Monday, February 19, 2007

Where's Muqtada?

Juan Cole is skeptical of reports that he's fled to Iran. Mark Steyn and Michael Ledeen are certain that Muqtada's in Iran, and claim this as proof that the surge is working.

Oh man, that's a tough one. Who to believe? On one hand, you've got a guy who's been pretty much right about everything having to do with Iraq and Iran over the last four years. On the other, you have Mark Steyn and Michael "Islam is very unpopular in Iran nowadays" Ledeen, whose incredible ability to be wrong about every. last. thing. relating to Iraq and Iran has been matched only by their ability to soldier on without ever seeming to notice.

As Cole notes, it's in Muqtada's political rivals' interest to promote the idea that he has fled to Iran, as Muqtada has frequently condemned leaders who chose exile during the Saddam era, rather than stay in Iraq to struggle and risk death as the Sadrs did. This has proven to be a very effective rhetorical weapon for Muqtada against better-funded rivals like the Hakims.

Labeling Sadr "a Persian stooge" and "an Iranian agent," Steyn and Ledeen seem unable to grasp the reality that Muqtada represents a genuine political movement in Iraq, one rooted in a tradition of clerical activism going back decades. They hide information like this in places called books.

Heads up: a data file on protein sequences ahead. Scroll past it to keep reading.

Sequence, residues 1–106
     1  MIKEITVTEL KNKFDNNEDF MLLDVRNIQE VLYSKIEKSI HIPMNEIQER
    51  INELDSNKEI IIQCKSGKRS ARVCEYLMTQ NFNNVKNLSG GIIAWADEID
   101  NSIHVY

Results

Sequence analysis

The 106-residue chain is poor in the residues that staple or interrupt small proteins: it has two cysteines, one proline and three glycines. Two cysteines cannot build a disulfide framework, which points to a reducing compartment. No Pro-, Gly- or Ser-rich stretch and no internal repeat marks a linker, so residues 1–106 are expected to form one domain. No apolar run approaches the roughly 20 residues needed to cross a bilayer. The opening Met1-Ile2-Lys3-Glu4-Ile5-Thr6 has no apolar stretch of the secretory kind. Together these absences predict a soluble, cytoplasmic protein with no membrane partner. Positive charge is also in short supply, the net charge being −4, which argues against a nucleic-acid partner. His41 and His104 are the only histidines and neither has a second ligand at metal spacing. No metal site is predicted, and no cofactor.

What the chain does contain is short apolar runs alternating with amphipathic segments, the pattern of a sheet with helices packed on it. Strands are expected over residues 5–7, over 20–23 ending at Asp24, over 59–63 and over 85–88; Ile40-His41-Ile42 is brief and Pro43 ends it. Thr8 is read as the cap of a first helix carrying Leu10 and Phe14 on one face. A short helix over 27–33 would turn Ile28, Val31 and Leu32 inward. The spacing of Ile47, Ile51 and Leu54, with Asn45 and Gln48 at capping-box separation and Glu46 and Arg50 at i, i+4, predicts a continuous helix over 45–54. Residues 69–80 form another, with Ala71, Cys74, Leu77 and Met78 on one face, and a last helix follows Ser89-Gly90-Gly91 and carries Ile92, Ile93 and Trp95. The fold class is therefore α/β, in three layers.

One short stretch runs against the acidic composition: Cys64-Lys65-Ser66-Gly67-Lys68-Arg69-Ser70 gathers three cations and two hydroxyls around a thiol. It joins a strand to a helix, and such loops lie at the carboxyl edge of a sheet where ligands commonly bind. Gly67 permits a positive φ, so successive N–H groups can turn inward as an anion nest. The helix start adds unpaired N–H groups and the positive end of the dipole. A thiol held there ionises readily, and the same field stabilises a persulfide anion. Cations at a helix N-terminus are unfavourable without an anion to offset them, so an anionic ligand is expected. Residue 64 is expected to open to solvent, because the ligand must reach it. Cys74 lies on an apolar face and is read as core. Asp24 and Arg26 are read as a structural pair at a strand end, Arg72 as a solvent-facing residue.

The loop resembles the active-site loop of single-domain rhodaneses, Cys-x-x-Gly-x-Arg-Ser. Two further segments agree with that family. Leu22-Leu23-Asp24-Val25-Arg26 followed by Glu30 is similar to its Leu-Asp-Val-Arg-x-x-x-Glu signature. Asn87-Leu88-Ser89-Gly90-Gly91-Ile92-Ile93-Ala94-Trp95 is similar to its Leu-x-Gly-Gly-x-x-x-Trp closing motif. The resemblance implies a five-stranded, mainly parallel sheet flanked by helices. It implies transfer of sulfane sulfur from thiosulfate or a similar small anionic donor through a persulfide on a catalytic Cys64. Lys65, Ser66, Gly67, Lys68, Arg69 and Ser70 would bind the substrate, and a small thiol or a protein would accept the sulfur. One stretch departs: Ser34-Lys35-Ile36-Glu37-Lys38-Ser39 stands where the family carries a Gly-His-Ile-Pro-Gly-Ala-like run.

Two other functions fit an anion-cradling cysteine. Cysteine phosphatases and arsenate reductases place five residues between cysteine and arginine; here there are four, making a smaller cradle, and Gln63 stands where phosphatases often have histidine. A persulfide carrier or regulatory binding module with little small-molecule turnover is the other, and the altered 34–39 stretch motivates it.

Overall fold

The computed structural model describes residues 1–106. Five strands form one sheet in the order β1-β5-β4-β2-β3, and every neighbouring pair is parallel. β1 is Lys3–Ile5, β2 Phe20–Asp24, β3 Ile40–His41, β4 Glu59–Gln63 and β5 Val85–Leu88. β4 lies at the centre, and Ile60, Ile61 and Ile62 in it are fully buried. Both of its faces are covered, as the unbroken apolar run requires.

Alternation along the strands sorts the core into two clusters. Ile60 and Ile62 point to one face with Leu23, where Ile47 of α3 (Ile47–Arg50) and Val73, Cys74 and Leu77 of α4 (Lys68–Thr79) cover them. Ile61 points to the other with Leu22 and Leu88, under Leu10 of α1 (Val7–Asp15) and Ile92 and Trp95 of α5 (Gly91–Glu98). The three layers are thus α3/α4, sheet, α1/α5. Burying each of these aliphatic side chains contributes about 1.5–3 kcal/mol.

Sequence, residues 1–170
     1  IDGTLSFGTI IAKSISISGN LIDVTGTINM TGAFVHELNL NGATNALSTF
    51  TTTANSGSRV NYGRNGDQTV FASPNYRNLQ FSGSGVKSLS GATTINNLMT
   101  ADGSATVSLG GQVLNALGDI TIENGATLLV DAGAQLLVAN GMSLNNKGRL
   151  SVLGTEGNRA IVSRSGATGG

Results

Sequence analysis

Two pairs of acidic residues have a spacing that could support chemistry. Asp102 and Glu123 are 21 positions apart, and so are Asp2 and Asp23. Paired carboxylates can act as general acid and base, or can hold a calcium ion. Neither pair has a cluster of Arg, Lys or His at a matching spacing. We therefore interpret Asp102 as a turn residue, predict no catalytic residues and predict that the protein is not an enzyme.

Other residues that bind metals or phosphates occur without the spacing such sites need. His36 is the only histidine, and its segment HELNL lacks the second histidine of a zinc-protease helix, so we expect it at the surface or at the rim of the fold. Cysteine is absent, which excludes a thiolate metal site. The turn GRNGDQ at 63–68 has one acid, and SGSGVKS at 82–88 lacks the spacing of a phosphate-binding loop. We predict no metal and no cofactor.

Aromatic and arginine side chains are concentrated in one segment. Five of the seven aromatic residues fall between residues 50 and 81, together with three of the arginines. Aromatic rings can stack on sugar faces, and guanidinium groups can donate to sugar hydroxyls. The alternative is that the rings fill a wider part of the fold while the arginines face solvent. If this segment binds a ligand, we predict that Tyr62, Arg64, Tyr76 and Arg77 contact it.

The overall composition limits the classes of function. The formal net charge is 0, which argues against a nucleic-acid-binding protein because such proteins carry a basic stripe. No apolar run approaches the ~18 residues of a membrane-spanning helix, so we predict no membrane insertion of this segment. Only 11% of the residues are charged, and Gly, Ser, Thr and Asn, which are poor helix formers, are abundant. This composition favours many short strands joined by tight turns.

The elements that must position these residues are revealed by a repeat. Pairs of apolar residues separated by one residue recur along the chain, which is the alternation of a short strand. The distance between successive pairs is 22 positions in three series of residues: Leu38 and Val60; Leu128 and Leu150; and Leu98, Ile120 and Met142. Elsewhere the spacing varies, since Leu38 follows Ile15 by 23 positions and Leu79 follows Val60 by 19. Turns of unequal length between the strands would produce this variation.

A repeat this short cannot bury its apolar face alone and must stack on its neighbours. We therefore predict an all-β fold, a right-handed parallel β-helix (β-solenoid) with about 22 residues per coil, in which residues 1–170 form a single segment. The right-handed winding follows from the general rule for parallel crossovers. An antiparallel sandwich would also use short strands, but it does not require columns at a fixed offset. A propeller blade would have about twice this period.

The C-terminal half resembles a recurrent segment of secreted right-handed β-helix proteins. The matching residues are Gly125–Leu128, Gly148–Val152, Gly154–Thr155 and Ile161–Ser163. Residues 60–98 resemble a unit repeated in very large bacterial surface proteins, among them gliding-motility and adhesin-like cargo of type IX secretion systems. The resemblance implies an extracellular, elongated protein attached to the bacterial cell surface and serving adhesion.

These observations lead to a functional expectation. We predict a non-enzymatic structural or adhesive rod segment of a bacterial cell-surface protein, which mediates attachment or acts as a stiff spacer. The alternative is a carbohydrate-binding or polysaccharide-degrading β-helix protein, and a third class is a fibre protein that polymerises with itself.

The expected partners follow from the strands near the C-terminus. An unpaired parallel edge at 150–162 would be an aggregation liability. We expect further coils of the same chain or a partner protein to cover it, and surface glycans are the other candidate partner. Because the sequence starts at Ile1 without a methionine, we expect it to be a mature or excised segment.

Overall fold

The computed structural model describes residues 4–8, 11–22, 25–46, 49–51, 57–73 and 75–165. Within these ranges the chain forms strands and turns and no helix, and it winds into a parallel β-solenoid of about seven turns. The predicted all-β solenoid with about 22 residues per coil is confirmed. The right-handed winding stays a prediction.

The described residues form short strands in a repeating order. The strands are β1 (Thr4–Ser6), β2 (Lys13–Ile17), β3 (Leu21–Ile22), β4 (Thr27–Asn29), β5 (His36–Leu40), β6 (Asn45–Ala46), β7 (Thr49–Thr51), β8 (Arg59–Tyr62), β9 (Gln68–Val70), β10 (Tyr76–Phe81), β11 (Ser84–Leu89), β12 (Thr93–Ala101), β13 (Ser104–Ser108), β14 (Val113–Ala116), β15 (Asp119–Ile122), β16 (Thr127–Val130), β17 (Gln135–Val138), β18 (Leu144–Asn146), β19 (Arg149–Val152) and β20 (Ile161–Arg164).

Wherever Muqtada has gone, his dropping out of view and the Mahdi Army's going to ground are exactly what they've done in the past when things got too hot. Then, as now, the Wingnutosphere triumphantly announced the end of the Sadr problem, all glory to the Great Leader. I can't remember how many times Instadeadender has declared Sadr "over," usually taking the opportunity to wax onanistic about the steely steelyness of our "resolve," only to have Muqtada come back a few months later, more popular than ever.